Teen dating volence
In that 2007 survey, 66 percent of boys and 65 percent of girls who were involved in physically aggressive relationships reported mutual aggression. Twenty-eight percent of the girls said that they were the sole perpetrator; 5 percent said they were the sole victim. These numbers were reversed for the boys: 5 percent said they were the sole perpetrator; 27 percent the sole victim. The study of seventh, ninth and 11th graders in Toledo, for example, found that a majority of the boys and girls who were interviewed said they had a relatively "equal say" in their romantic relationships. [note 4] National victimization prevalence estimates from a study of adolescents aged 12 to 17 years showed 0.6 percent for boys and 2.7 percent for girls. In cases in which there was a power imbalance, they were more likely to say that the female had more power in the relationship. These estimates are lower than those from other studies because adolescents who had never been in a relationship were included in the sample (Wolitzky-Taylor, K.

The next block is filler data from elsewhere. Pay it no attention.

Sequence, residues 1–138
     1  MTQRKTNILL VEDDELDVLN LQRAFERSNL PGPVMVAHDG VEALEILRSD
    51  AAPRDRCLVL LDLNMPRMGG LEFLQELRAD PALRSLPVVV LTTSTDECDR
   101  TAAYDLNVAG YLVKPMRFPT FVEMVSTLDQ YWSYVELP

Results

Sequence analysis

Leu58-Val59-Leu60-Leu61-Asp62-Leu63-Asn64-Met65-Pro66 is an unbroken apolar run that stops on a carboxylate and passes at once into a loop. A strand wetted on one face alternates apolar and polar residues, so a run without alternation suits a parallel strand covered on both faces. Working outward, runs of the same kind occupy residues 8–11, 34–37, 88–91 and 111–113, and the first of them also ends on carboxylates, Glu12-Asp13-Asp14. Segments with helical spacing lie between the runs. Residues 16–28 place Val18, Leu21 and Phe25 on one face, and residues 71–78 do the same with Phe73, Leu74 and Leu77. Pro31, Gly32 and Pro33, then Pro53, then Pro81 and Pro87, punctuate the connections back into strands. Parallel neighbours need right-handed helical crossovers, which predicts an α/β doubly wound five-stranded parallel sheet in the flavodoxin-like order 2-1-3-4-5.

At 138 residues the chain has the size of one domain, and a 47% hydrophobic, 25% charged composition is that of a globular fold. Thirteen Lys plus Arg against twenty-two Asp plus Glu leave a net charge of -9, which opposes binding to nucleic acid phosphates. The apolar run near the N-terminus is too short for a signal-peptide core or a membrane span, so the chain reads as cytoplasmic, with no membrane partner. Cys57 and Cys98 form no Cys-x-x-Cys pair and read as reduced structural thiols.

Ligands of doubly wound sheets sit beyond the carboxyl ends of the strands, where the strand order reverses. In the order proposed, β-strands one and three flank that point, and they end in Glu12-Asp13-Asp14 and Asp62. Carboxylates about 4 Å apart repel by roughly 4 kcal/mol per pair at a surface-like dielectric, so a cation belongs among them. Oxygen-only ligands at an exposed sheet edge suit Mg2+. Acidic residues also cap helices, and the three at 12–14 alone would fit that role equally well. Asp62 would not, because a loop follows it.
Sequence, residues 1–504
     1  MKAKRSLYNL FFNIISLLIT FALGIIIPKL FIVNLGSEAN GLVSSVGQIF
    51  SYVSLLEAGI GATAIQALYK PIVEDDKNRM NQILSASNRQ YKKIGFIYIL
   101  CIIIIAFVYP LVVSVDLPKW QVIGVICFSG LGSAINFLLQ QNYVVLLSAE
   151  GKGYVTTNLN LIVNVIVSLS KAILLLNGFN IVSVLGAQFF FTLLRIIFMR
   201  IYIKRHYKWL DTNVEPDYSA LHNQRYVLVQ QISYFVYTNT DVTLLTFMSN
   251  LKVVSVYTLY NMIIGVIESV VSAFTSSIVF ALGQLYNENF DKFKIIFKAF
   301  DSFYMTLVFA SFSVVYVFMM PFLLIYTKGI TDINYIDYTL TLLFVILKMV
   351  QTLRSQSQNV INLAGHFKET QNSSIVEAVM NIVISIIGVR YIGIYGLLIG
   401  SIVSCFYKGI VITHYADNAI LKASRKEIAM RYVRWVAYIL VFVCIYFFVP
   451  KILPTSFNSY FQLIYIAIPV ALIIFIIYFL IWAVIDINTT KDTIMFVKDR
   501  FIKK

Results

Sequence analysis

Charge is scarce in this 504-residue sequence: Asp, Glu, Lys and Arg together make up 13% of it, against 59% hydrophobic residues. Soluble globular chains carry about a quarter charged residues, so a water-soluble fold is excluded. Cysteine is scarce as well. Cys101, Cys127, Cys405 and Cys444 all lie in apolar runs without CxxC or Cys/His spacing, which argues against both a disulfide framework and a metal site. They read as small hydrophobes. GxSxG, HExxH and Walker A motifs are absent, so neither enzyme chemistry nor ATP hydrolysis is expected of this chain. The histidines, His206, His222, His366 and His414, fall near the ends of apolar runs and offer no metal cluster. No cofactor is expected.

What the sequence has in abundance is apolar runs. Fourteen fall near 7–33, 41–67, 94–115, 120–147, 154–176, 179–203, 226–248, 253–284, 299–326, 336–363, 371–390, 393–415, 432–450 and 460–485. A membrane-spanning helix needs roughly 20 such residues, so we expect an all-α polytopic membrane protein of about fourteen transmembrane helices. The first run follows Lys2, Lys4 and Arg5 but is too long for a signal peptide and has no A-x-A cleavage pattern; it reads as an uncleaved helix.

These studies tend to show that women report perpetrating slightly more physical violence than men. It is interesting to note that most studies on teen dating violence that have been conducted to date have relied primarily on "act" scales.
In South Carolina, for example, nearly 8 percent of adolescents reported being physically violent to a romantic partner.
Interestingly, the rates of reported victimization versus perpetration in the state were similar for boys and girls. However, when it comes to severe teen dating violence — including sexual and physical assault — girls were disproportionately the victims.At a recent workshop on teen dating violence, co-sponsored by the U. Departments of Justice (DOJ) and Health and Human Services (HHS), researchers presented findings from several studies that found that girls and boys perpetrate the same frequency of physical aggression in romantic relationships.
A split currently exists, however, among experts in the adult intimate partner violence arena, and attendees at the DOJ-HHS teen dating workshop mirrored this divide.
Some experts hold that men and women are mutually combative and that this behavior should be seen as part of a larger pattern of family conflict.